Case closed

The seemingly never-ending story of the Special Tribunal for Lebanon, which was established by the U.N. Security Council to prosecute the killers of former Lebanese Prime Minister Rafik Hariri, reached a landmark this week when the court’s prosecutor submitted his indictment to pretrial judge Daniel Fransen. Diplomats from Washington to Tehran expect the indictment, which ...

RAMZI HAIDAR/AFP/Getty Images
RAMZI HAIDAR/AFP/Getty Images
RAMZI HAIDAR/AFP/Getty Images

The seemingly never-ending story of the Special Tribunal for Lebanon, which was established by the U.N. Security Council to prosecute the killers of former Lebanese Prime Minister Rafik Hariri, reached a landmark this week when the court's prosecutor submitted his indictment to pretrial judge Daniel Fransen. Diplomats from Washington to Tehran expect the indictment, which will remain sealed for a few more months, to implicate members of the radical Shiite militia Hezbollah in the crime. Hezbollah has denounced the tribunal as an American-Zionist plot, collapsed the Lebanese unity government, and even, in recent days, staged mock "coup drills" in the streets of Beirut.

Behind Hezbollah's power play against the tribunal lies something more than brute force: Lebanon's Christians and Sunnis, once largely united in support of the tribunal, have parted ways. This split began a few years ago at the elite level with the defection of Gen. Michel Aoun, the leader of the largest Christian party, to the pro-Syrian camp. But, as recent polling data in Lebanon makes clear, the divisions have now reached the popular level.

Read more.

The seemingly never-ending story of the Special Tribunal for Lebanon, which was established by the U.N. Security Council to prosecute the killers of former Lebanese Prime Minister Rafik Hariri, reached a landmark this week when the court’s prosecutor submitted his indictment to pretrial judge Daniel Fransen. Diplomats from Washington to Tehran expect the indictment, which will remain sealed for a few more months, to implicate members of the radical Shiite militia Hezbollah in the crime. Hezbollah has denounced the tribunal as an American-Zionist plot, collapsed the Lebanese unity government, and even, in recent days, staged mock "coup drills" in the streets of Beirut.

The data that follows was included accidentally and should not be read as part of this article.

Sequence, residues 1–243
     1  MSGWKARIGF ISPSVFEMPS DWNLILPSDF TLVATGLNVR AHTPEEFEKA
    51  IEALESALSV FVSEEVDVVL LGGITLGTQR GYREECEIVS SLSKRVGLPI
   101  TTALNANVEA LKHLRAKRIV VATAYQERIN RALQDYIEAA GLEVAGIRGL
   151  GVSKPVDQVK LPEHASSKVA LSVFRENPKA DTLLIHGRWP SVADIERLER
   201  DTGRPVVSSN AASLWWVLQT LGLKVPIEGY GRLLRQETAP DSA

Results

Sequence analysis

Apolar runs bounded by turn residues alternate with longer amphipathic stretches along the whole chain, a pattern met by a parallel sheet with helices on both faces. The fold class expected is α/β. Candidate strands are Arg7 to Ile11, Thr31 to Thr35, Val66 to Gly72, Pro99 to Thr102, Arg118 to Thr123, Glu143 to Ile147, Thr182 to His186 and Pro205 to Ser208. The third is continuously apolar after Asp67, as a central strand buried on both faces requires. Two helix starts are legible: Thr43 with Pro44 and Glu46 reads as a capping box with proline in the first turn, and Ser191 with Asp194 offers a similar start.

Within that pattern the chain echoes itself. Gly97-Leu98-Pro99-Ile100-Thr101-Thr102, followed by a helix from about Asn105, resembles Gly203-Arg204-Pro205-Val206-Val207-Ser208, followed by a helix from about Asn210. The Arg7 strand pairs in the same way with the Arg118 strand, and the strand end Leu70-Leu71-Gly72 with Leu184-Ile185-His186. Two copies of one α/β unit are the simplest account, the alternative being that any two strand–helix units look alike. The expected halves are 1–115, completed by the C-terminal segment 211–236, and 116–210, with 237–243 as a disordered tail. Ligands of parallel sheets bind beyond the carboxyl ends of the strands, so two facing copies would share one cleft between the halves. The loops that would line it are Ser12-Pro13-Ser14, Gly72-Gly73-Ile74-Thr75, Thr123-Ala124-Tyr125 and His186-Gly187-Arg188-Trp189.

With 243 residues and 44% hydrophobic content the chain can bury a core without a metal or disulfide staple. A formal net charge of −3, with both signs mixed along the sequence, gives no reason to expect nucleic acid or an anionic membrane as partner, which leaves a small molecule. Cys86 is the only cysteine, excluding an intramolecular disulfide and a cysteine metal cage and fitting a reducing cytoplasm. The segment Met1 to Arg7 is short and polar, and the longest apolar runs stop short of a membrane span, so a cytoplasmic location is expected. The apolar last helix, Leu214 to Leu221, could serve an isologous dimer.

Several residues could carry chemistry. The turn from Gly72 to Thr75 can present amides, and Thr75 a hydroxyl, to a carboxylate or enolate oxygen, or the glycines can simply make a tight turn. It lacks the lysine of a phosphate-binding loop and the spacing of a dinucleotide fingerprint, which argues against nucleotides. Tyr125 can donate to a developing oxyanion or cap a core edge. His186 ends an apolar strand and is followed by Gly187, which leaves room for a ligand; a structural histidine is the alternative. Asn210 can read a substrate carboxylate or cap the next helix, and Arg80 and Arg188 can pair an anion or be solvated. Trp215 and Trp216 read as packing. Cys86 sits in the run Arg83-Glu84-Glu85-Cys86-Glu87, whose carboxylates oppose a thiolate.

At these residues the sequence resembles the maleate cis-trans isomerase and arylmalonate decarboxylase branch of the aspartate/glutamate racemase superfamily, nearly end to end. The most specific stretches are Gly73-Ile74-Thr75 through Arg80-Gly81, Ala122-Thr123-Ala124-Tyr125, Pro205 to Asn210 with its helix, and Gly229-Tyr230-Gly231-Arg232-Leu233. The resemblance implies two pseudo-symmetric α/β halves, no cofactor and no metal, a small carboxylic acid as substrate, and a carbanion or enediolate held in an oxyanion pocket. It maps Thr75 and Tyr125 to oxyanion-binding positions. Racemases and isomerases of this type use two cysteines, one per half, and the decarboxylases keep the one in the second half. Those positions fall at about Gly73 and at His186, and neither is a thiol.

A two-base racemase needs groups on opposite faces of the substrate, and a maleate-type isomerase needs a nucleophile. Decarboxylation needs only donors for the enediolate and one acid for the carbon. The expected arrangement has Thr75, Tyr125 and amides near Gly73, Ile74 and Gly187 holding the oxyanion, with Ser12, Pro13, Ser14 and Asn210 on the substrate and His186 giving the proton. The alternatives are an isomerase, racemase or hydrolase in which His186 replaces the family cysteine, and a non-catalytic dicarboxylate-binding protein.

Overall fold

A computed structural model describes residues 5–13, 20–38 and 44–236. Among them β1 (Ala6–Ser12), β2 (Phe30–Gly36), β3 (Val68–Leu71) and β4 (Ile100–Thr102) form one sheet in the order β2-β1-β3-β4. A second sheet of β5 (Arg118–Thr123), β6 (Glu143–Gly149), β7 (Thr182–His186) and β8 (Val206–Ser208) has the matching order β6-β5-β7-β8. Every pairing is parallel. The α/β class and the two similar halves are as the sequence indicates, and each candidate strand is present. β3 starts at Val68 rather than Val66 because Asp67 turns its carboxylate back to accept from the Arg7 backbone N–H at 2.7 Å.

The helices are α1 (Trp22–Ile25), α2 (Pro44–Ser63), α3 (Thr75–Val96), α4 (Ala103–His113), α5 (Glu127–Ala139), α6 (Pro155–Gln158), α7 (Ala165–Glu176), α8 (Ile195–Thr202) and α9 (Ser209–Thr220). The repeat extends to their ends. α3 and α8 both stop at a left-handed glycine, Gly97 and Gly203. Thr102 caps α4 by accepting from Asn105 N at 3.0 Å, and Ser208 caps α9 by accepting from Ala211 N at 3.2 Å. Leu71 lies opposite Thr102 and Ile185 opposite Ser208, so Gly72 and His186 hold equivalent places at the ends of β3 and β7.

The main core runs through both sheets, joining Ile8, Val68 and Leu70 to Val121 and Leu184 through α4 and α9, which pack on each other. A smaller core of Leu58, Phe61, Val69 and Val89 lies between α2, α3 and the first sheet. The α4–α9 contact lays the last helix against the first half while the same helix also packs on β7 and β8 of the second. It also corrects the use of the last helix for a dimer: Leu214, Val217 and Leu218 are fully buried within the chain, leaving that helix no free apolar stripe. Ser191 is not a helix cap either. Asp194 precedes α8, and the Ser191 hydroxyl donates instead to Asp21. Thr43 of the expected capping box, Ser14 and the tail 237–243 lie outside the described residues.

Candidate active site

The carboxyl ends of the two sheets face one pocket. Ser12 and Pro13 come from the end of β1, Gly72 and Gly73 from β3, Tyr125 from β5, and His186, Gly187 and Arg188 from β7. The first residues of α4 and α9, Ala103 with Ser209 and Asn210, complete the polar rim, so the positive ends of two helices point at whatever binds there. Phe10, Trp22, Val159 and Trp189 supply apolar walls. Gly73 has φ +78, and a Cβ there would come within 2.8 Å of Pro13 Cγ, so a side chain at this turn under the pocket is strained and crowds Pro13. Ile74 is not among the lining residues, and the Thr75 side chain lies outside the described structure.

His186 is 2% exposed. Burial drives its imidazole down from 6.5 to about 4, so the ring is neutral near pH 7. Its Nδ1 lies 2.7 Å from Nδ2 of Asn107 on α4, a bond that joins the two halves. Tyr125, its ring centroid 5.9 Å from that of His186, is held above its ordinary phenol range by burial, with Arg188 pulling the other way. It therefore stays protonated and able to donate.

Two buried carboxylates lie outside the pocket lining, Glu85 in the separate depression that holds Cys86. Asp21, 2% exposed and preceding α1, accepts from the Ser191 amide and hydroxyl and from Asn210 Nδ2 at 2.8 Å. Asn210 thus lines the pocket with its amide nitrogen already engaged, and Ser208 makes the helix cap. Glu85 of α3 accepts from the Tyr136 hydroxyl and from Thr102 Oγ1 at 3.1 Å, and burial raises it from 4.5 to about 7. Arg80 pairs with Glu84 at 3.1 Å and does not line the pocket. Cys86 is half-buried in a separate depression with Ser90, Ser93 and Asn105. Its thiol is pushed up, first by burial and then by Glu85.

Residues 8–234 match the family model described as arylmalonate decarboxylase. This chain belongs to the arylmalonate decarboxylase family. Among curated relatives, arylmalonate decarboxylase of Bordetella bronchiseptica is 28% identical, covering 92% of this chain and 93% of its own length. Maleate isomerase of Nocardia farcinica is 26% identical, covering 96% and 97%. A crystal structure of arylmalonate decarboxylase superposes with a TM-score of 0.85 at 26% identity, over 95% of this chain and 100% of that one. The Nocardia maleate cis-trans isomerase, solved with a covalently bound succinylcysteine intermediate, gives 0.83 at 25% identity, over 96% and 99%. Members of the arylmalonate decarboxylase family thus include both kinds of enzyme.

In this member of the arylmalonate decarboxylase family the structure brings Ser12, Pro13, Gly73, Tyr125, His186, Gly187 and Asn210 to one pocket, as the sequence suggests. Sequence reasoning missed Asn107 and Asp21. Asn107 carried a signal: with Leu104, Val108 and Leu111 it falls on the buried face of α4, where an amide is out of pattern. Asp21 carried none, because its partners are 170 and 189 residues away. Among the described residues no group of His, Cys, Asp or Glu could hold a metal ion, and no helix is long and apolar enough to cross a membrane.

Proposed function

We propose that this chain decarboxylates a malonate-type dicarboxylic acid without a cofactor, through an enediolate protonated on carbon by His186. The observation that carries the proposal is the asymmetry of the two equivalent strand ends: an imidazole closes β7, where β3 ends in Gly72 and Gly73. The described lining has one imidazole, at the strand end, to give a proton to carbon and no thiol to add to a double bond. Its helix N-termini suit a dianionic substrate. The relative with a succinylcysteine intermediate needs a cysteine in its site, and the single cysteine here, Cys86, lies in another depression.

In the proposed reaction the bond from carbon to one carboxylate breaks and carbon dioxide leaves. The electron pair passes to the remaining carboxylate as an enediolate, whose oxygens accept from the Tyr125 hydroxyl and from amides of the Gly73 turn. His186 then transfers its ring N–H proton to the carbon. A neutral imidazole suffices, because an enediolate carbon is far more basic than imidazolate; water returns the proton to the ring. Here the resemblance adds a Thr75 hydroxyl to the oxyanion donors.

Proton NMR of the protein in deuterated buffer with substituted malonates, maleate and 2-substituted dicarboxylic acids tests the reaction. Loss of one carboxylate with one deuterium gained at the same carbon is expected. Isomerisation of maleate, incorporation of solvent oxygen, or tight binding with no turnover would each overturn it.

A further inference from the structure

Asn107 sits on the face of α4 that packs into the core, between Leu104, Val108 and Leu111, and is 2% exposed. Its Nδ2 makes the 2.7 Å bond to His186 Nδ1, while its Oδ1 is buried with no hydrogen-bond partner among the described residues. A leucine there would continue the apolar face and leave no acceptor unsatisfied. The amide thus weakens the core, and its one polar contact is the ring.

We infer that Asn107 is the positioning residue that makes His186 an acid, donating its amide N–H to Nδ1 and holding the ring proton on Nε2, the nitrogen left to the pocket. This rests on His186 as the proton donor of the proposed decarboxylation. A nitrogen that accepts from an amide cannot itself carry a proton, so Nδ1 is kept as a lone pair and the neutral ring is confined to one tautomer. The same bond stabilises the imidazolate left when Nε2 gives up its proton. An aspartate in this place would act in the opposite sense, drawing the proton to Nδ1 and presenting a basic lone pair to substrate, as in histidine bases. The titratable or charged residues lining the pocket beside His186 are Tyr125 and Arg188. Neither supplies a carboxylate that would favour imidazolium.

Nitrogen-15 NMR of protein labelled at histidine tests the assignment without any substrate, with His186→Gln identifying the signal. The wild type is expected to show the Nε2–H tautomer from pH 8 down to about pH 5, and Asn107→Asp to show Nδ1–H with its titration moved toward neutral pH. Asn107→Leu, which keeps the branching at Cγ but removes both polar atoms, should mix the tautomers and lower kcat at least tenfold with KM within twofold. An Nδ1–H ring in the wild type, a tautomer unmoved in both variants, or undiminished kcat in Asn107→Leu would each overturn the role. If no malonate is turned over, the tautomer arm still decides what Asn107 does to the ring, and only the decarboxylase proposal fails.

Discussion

Behind Hezbollah’s power play against the tribunal lies something more than brute force: Lebanon’s Christians and Sunnis, once largely united in support of the tribunal, have parted ways. This split began a few years ago at the elite level with the defection of Gen. Michel Aoun, the leader of the largest Christian party, to the pro-Syrian camp. But, as recent polling data in Lebanon makes clear, the divisions have now reached the popular level.

Read more.

 

David Pollock is the Kaufman fellow and director of the Fikra Forum blog at the Washington Institute for Near East Policy. Previously he served on the secretary of state’s Policy Planning Staff and as senior advisor at the State Department.

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